vi by wanghonghx


									Facts Every Teenager Should Know About Vi
Vi is an interactive, screen-oriented text editor. Vi-visual, pronounced vee eye -was originally one of the
modes of the ex editor (the other modes were open-a one-line form of vi, and command-for line-oriented
commands). It is probably the most widely used of the Berkeley UNIX enhancements.
Text editors like Vi are used to create new files, and to inspect or modify existing files. Vi is not a word-
processor, in the sense that it does not format text. Instead, Vi (like its predecessors edit, ed, and ex)
provides powerful commands for interactively making small or large-scale changes in a file's contents.
Other UNIX editors, like sed and awk, are better suited for batch oriented editing.
A brief history of computer editing will make learning about Vi a little easier. Back in the days of punched
cards there were no text editors because punching a card was the computer equivalent of chiseling in
stone. A card containing an error was thrown away -there was no way it could be fixed.
Hard teletypes, which print on paper, were the first improvement. While punched cards hold actual text,
paper output is nothing more than a hard copy of information stored in the computer's memory. To make
a change, the user would type in a description of the alteration she wanted. For instance, changing the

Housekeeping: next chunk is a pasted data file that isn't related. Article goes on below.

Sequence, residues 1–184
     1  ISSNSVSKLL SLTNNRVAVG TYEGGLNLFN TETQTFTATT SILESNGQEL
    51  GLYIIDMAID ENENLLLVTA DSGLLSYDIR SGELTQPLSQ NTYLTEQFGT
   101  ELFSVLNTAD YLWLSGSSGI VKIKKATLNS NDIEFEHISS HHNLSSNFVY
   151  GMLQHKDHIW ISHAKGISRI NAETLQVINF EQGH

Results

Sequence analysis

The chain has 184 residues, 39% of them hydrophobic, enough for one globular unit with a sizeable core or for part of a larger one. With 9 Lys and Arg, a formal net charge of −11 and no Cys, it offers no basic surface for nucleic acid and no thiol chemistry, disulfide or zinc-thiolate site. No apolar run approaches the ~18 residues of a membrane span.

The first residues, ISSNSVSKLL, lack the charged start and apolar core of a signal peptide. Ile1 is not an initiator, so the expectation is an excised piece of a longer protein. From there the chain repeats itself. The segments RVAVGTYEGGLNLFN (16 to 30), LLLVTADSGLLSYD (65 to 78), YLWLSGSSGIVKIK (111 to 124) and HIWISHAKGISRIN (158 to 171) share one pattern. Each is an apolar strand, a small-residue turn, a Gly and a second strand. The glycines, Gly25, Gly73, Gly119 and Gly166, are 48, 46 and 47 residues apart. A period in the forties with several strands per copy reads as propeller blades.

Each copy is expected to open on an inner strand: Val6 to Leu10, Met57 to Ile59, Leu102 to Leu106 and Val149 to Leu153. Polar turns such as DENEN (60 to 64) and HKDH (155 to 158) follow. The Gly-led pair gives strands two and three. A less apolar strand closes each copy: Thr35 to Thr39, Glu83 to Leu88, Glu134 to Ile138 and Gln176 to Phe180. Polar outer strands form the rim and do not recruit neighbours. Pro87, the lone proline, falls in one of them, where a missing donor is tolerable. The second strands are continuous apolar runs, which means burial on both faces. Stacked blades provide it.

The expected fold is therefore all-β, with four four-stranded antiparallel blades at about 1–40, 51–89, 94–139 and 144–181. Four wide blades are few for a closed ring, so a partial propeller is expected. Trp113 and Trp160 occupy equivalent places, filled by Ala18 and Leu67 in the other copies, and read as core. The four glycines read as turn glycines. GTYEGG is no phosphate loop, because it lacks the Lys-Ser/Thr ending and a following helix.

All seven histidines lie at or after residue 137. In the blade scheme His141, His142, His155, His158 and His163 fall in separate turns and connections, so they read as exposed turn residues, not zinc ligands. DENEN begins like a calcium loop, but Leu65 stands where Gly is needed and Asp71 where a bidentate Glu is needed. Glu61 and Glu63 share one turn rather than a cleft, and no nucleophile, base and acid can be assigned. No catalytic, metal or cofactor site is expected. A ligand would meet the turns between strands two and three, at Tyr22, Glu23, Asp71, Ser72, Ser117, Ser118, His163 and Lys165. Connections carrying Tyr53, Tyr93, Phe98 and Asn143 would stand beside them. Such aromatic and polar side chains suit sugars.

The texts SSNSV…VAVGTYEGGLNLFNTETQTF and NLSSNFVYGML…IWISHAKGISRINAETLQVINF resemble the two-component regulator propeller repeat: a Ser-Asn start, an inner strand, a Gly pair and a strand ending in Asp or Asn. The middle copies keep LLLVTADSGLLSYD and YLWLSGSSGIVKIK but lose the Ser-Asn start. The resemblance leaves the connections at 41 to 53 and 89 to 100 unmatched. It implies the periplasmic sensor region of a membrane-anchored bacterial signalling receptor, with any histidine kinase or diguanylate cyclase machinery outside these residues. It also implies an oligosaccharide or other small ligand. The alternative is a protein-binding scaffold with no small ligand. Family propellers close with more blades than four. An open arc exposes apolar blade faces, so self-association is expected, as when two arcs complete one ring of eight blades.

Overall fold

word' Annette' to 'Renee' required a command like 'substitutelAnnettelReneel: which described both the
old and new forms of the text.
The invention of CRTs brought computer editors to the age of CorrecType. Video screens, unlike printing
teletypes, allow invisible erasing; the user can modify the current line before committing it to the
computer's memory. You can see the same idea applied in typewriters that let you work on a single line
electronically before hitting an 'Output' key that actually types the line. Early CRT editors were quite
similar to teletype editors: they generally allowed only descriptive commands, and were oriented toward
working on single lines of text.
A small improvement in the design of electronic terminals made a new form of editing possible -screen
editing. Now, the original CRT's were often called 'glass teletypes' because, like teletypes, they only went
in one direction. As each succeeding line was printed, it pushed earlier lines toward the top of the screen
and eventual oblivion. The cursor was stuck at the bottom line of the screen.
In the late 1970'5, though, improved CRT's with movable cursors became cheaply available. The cursor
could be positioned anywhere on a terminal screen, and allowed full screen oriented editing, rather than
single-line editing. While some screen editors preserve the descriptive, line-oriented commands of earlier
systems, they also let a user move the cursor around a screen full of text as easily as she might move a
pencil around a page. For instance, a word can be deleted by moving the cursor to the word, then giving
a 'delete' command. There is no need to describe the word to the editor by spelling it out. The delete
command just deletes all characters from the current position to the end of the word (i.e. to the next blank
Vi is one of the most widely used screen editors. It understands both descriptive and screen-oriented